The first of the list of 12 amendments concerned the ratio of constituents to each congressional representative and the second concerned congressional pay (it became Twenty-seventh Amendment) were never ratified by the states.

Thus, the third amendment became the First Amendment and leads the Bill of Rights.

First Amendment

The First Amendment guarantees the personal freedoms and rights of individual American citizens.

“Congress shall make no law respecting an establishment of religion, or prohibiting the free exercise thereof; or abridging the freedom of speech, or of the press; or the right of the people peaceably to assemble, and to petition the Government for a redress of grievances.”

Be a Green Citizen

In honor of the 4th of July and on behalf of our children and future generations, let us be green citizens by using our First Amendment freedoms and rights to advocate for a habitable planet. Here are a few ideas to serve as thought starters.

Freedom of Religion

Collectively, people of faith constitute the largest social network on earth. Religious organizations already have a long history of outreach, advocacy, and service, which make them ideally suited for implementing green actions, projects, and programs.

Solar Panels with Congregation Members Holding Banner - Photo: Green FaithReligious leaders are including stewardship of the earth in sermons and teachings as an act of piety.

Congregations are conducting energy audits, installing solar panels, planting organic gardens, using recycled paper, and reducing waste.

Volunteer to participate in a green project or suggest one.

Freedom of Speech

Exercising your right to freedom of speech is easy.

  • Talk with a coworker about the environmental impact of drinking bottled water or chat with your neighbor about composting.
  • Call, write a letter, tweet, post, or send an email to your elected officials letting them know what environmental issues are important to you and what you think they should do about them.
  • Attend a school, community, or government meeting and speak up to support fresh food in school lunches, curbside recycling, or a ban on single-use plastic bags.
  • Shoot some photos or make a video about your green actions and post it online. Digital cameras and smartphones make it easy and fun.
  • Write a letter to the editor or an editorial for an online or paper newspaper to share your water-savings ideas, promote distributed solar for your community, or report how living near a coal-fired power plant affects your family.
Freedom of Assembly

The First Amendment “right of the people peaceably to assemble” contains two keywords, peaceably and assemble.

Freedom of assembly covers a lot of ground including congregations, meetings, sit-ins, conventions, rallies, and protest marches. Find a green project or cause that speaks to you, or come up with your own. Then exercise your right to peaceably assemble to promote, advocate, or protest on behalf of it.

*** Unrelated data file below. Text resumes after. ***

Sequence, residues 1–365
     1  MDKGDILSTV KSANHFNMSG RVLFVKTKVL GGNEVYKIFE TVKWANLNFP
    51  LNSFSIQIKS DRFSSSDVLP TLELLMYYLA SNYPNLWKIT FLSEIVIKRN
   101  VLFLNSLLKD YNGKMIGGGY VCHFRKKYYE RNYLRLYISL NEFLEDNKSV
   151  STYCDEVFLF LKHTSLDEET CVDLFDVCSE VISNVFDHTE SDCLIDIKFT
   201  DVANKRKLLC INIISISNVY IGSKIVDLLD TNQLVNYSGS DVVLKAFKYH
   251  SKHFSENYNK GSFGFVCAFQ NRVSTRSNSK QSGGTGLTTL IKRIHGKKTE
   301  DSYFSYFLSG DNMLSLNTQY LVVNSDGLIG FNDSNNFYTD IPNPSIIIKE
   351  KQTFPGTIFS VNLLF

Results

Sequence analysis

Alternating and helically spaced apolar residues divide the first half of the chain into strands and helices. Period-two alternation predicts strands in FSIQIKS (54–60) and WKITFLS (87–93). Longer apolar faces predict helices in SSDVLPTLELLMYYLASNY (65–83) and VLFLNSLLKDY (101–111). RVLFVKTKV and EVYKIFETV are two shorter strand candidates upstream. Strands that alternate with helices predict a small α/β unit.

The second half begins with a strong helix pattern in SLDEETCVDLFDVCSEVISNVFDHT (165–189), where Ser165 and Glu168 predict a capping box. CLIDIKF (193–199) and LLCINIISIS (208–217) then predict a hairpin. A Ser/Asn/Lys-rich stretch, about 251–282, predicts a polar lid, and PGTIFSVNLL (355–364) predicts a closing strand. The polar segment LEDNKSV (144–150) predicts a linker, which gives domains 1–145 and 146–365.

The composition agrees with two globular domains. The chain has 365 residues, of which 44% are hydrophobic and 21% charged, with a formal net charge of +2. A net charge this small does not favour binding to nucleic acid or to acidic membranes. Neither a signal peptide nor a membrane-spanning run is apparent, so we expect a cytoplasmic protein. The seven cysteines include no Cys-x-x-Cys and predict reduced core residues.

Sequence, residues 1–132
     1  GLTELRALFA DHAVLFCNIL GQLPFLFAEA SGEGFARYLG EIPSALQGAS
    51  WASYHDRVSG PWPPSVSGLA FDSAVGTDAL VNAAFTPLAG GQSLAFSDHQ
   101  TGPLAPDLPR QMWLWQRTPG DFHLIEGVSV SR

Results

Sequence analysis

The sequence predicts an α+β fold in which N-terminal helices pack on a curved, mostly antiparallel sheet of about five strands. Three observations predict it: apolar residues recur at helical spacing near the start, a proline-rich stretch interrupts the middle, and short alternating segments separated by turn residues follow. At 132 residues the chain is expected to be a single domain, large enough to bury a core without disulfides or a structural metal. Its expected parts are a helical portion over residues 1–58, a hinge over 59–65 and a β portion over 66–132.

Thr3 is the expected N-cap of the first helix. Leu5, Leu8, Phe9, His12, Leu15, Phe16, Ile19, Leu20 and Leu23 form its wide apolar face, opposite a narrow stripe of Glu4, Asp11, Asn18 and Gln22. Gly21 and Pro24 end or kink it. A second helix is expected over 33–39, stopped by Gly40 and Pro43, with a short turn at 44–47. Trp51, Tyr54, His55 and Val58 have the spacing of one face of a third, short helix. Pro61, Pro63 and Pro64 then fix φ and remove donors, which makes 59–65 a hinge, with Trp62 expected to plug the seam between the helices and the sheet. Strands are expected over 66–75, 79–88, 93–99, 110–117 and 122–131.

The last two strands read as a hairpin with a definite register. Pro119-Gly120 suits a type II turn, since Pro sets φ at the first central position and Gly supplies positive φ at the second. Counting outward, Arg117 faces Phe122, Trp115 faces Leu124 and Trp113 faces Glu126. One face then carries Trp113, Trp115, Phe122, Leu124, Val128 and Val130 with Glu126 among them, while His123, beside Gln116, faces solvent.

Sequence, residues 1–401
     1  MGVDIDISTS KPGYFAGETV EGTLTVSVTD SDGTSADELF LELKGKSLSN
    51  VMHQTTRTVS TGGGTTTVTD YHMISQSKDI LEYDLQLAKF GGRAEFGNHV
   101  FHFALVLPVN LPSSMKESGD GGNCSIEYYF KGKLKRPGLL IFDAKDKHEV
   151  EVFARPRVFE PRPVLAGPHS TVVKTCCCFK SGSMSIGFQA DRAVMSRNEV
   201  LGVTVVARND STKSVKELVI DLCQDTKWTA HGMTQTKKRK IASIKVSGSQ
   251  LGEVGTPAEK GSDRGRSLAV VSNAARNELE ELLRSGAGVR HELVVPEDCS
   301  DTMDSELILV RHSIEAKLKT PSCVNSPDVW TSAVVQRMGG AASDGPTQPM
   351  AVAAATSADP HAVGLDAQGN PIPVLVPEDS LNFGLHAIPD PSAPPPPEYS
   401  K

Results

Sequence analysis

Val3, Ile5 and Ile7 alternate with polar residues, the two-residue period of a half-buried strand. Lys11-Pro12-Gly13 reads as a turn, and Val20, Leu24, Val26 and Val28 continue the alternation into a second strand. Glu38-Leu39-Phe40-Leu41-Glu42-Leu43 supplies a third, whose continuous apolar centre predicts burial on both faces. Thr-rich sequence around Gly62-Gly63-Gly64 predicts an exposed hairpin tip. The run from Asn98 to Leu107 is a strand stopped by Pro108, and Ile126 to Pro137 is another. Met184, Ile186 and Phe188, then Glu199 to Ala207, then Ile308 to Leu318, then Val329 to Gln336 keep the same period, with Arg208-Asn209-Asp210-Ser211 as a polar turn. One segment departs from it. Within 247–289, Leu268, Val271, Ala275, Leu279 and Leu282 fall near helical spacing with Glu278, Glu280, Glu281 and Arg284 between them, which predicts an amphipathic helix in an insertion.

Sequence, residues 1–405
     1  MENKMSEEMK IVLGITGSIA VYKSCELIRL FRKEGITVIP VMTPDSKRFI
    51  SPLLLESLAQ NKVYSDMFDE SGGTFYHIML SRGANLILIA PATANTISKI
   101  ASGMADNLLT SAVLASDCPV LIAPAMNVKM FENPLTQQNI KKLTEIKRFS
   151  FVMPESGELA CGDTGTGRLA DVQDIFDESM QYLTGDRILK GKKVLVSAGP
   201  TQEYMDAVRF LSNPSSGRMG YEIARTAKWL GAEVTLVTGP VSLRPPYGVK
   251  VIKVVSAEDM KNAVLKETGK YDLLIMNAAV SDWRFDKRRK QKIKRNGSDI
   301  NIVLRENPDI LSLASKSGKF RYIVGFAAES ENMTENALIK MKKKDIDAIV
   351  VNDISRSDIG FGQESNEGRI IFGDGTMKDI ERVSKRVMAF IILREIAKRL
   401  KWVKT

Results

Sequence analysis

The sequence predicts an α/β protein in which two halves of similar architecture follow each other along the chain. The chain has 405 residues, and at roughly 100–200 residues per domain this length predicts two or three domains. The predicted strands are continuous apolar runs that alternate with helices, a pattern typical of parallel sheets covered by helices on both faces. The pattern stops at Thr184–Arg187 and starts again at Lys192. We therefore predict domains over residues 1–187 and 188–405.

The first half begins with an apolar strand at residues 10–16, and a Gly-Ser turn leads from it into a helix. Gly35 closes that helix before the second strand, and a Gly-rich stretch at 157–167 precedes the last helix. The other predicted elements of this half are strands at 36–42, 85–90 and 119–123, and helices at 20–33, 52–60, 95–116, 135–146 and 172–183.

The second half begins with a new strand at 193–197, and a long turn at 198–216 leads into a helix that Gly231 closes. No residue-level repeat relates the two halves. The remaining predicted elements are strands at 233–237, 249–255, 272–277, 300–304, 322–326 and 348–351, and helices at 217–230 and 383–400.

Eleventh Amendment to the Bill of Rights

I propose an eleventh amendment to the Bill of Rights (it would actually be the twenty-eighth amendment to the U.S. Constitution).Group of Kids Playing at a Park

“The people have the right to a habitable planet with clean air, clean water, fresh food, and nontoxic places to live, study, work, explore, and play.”

Happy 4th of July!

Related Posts

Resources

A few of the organizations working towards a habitable planet include:

References

4th of July – Life, Liberty and the Pursuit of Happiness

Life, Liberty and the pursuit of Happiness are the 7 most famous words in the Declaration of Independence which marks its 237th anniversary today, July 4, 2013.

Back in the late eighteenth century, with the Revolutionary War still fresh in their minds, Americans celebrating the 4th of July were directly connected to the Declaration of Independence and how it changed their lives.

237 years later, if we’re lucky and have the holiday off, we spend the 4th of July with friends and family at the beach, a park, or in our backyards. American flags fly everywhere, millions of hot dogs are consumed, and fireworks light up the evening sky. We are far, far away from the events that led up to the freedoms we enjoy today.

In honor of the 4th of July, I decided to reintroduce myself to the Declaration of Independence.

Declaration of Independence of 1776

The Declaration of Independence explains why the American colonies declared independence from Great Britain, catalogs injustices committed by King George III, and tells how the colonists attempted to obtain redress of these grievances.

Declaration of Independence (stone engraving)The first sentence sets the stage.